Bailout Euphoria Signals Peak Of Pessimism In Emerging Markets
Over the past two weeks, the IMF has been sewing up or inching toward loan agreements with vulnerable nations.
(Bloomberg) -- It may be too early to turn bullish on emerging markets -- but a raft of bailouts pledged by the IMF and China has some investors deciding it’s also too risky to stay bearish.
Over the past two weeks, the International Monetary Fund has been sewing up or inching toward loan agreements with vulnerable nations Pakistan, Sri Lanka, Zambia, Egypt and Chile. Meanwhile, China is overcoming its own reticence to offer debt relief, saying it will forgive the liabilities of 17 African countries and redirect its own IMF reserves to the continent’s aid.
While some nations are still waiting, with Ukraine’s premier on Saturday criticizing slow progress from the IMF in agreeing to an assistance package, the fund’s support has dramatically changed the odds for poorer states where a wave of debt defaults looked inevitable. Now, their distress sagas are being recast as turnaround stories, enabling investors to dip a cautious toe back into their assets.
“We’ve seen a rebound in emerging-market dollar bonds as the IMF appears to be turning increasingly responsive to the difficulties faced by frontier emerging markets,” said Aninda Mitra, head of Asia macro and investment strategy at BNY Mellon Investment Management in Singapore. “This is helping some investors turn more neutral on emerging markets from a very bearish view.”
This year’s selloff in emerging-market dollar debt has been so sharp that it dwarfs losses made during the 2008 financial crisis. A Bloomberg gauge of the bonds has slumped more than 16%, heading for its worst year on record. Its 10 biggest losers are all countries that have defaulted or are struggling to repay debt, including Sri Lanka, Pakistan, Lebanon, Ghana and Belarus.
But since mid-July, bears are easing their grip. The benchmark index has gained 2.9%, while JPMorgan Chase & Co. data show the extra yield on sovereign debt over Treasuries has fallen 102 basis points from a two-year high of 593 basis points. An index that tracks capital flows into emerging markets has risen more than 4%.
Bilateral support is also helping to ease fears of defaults. India has given billions in emergency aid to Sri Lanka, while Pakistan has received $9 billion of investment and loans from the Middle East. Egypt is also getting more than $22 billion from its Persian Gulf allies.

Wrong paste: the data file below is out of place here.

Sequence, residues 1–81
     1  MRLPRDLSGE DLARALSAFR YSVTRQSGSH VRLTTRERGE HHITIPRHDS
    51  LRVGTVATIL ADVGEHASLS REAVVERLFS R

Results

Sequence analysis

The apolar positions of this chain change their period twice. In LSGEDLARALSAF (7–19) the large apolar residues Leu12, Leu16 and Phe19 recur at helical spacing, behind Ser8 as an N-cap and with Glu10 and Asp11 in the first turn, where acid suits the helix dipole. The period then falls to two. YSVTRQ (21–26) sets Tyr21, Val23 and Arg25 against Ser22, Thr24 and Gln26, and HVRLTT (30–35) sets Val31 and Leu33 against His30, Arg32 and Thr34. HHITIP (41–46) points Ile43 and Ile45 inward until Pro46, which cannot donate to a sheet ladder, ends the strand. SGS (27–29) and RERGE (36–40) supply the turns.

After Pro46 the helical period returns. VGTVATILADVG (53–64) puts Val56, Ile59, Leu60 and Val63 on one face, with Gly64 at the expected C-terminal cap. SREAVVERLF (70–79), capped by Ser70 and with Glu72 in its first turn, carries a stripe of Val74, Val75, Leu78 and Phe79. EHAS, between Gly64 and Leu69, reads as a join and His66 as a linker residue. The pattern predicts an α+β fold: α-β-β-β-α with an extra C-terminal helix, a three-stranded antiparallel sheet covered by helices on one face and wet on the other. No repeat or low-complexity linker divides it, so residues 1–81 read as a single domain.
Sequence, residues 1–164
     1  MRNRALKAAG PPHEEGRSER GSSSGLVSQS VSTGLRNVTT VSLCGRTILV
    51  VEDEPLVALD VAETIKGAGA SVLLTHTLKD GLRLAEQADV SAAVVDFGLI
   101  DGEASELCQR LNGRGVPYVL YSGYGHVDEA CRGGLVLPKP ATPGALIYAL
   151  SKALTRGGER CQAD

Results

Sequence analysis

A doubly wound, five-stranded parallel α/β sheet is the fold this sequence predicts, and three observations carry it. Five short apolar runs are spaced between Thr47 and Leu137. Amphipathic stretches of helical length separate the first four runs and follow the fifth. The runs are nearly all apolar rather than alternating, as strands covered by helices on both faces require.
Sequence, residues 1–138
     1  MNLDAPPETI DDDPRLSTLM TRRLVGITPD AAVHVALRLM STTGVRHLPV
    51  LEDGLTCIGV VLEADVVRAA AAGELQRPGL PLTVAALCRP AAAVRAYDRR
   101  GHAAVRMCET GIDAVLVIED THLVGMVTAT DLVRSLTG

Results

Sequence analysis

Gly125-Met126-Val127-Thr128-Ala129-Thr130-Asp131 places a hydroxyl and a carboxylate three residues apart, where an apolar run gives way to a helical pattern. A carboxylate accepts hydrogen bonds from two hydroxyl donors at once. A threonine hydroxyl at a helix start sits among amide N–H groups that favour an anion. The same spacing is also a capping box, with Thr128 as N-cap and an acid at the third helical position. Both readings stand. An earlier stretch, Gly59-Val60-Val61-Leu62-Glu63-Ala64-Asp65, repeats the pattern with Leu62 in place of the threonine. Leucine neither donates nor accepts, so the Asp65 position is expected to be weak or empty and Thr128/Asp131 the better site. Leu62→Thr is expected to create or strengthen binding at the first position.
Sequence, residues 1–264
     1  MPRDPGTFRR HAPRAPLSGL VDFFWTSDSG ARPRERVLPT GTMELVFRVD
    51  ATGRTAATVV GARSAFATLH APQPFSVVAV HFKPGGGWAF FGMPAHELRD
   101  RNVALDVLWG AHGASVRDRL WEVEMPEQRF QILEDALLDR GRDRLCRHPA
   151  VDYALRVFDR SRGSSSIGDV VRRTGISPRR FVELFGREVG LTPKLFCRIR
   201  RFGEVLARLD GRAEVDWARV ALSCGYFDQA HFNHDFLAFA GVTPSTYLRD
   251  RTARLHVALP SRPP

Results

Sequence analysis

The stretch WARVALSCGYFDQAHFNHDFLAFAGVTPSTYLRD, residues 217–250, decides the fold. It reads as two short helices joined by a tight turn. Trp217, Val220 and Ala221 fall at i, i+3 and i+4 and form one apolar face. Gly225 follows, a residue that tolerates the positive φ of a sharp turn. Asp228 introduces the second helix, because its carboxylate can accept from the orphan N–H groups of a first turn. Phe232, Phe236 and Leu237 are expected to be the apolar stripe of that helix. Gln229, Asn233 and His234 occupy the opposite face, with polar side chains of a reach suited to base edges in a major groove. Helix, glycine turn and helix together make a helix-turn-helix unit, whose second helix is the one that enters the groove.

Meanwhile, China said it will forgive a total of 23 interest-free loans to African nations and redirect $10 billion of IMF reserves. Beijing accounts for almost 40% of the bilateral and private-creditor debt that the world’s poorest countries need to service this year, according to the World Bank.
While betting on the possibility of defaults is becoming increasingly unviable, assets of distressed nations are benefiting.
Zambia’s kwacha is the world’s second best-performing currency against the dollar, surging 8.4% this quarter, after the nation won approval for a $1.3 billion bailout. Pakistan’s rupee strengthened more than 8% in August, the best performance in the world, even as the currency of Ghana, a distressed nation which hasn’t gained an IMF deal yet, was the biggest decliner. Sri Lanka’s bonds have recovered from the depths of a selloff as bondholders seek to get the best deal possible in a restructuring exercise.
Still, as long as the dollar doesn’t begin a consistent slide and Federal Reserve rate-hike expectations stay firm, global investors are unlikely to totally return to the asset class.
But with the IMF acting to counter some of the pain hanging over emerging markets, others are starting to give these nations another look.
“We have seen some inflows in recent weeks with tactical additions from global investors in certain pockets,” said Neeraj Seth, head of Asian credit at BlackRock Inc., which he says is neutral on emerging-market assets and expects to see attractive opportunities in the coming quarters. “As we see further stabilization of US rates volatility and stabilization of the dollar, we will potentially see global investors revisiting emerging-market allocations.”
What to watch this week:
- China will report data that is likely to show the economic recovery stalled in August. Heatwaves, power shortages, Covid-19 flareups -- problems are piling up on top of a damaging property slump, according to Bloomberg Economics
- China’s policy makers will have a window of opportunity to add cash into the financial system on Thursday when 600 billion yuan ($87 billion) of one-year policy loans come due
- India, Poland and the Czech Republic are set to report inflation data
- Russia is forecast to cut its benchmark rate, according to most economists in a Bloomberg survey
(Updates to add China loans data in What to watch section)
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